By John Revill and Oliver Hirt
ZURICH (Reuters) - LafargeHolcim (LHN.S) Chief Executive Eric Olsen will leave the company in July after the world's largest cement maker admitted on Monday it had paid armed groups to keep a factory operating in war-ravaged Syria.
An independent internal inquiry found protection payments made to intermediaries to keep open the Jalabiya plant in northern Syria were not in line with its policies.
"Significant errors of judgment were made that contravened the applicable code of conduct," the company said, while adding that Olsen was not responsible for any wrongdoing identified in the review.
Olsen, who has headed the company since it was created by a merger two years ago, said he was resigning with effect from July 15.
"While I was absolutely not involved in, nor even aware of, any wrongdoing I believe my departure will contribute to bringing back serenity to a company that has been exposed for months on this case," Olsen, who has dual French and American nationality, said in a statement.
French prosecutors are also investigating the group's activities in Syria. Two human rights group have filed a legal complaint in Paris against Lafarge, saying some of its work in Syria may have made it complicit in financing Islamic State and in war crimes.
Olsen's resignation highlights the dilemmas companies face when working in conflict zones.
The report noted the chaos in Syria between 2013 and the evacuation of the plant in September 2014. It added that local managers believed they were acting in the best interests of the company and its staff by trying to keep the plant open.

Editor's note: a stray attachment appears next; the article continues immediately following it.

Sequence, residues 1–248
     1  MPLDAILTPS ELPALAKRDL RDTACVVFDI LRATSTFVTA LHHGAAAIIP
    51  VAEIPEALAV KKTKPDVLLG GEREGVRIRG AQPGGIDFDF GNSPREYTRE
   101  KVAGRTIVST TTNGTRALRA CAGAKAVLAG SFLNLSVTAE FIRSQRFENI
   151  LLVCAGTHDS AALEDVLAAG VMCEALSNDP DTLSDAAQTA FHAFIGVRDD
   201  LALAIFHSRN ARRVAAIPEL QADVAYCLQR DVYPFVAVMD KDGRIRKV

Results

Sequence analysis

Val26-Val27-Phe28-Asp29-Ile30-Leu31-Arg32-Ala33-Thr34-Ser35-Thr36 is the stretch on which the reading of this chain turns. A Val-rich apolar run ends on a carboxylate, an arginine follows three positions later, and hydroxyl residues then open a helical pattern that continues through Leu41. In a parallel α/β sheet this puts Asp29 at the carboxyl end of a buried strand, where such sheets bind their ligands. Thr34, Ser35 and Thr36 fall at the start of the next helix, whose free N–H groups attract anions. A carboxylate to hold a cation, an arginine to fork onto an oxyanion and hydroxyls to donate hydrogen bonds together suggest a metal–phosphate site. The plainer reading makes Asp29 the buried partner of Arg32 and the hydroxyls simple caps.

"Very simply, chaos reigned and it was the task of local management to ensure that the intermediaries did whatever was necessary to secure its supply chain and the free movement of its employees," the report said.
The plant cost $680 million to build and had started production only in May 2010.
Formed by a $44 billion merger, LafargeHolcim said it would tighten its corporate governance to focus more on country-specific risks and sanctions policies.
LafargeHolcim shares dipped after news of Olsen's departure was confirmed, one of the few losers in a Paris market buoyed by the outcome of the first round of the presidential election. In Switzerland, the dual-listed stock recovered ground lost in early moves to trade flat by 1030 GMT.
Once Olsen goes, Chairman Beat Hess will take over as interim CEO. Hess is Swiss and had served as a director of Holcim since 2010.
Last month LafargeHolcim said Bruno Lafont, the former Lafarge CEO, would also step down as co-chairman.
Olsen himself was a former head of human resources at Lafarge before being named executive vice-president operations in September 2013. He was paid nearly 9 million Swiss francs ($9 million) last year.
Jacob Waerness, a risk manager for Lafarge in Syria from 2011 to 2013, said the plant should have closed down in the summer of 2013 when the company became aware of radical Islamist groups in the region.
"Quite early, in 2011 we discussed if an armed group occupies the area around the cement plant, we have to leave," Waerness said earlier this month at an event in Zurich to promote a book he wrote about his experiences. The Norwegian security consultant no longer works for the company.
However, he said that a Kurdish militia and the Syrian government had both wanted the plant to remain open, prompting local officials to try to keep it going.
"We were not breaching any sanctions. We were a Syrian company - we had a responsibility to operate," he said.
(Additional reporting by Terje Solsvik in Oslo; Editing by Keith Weir)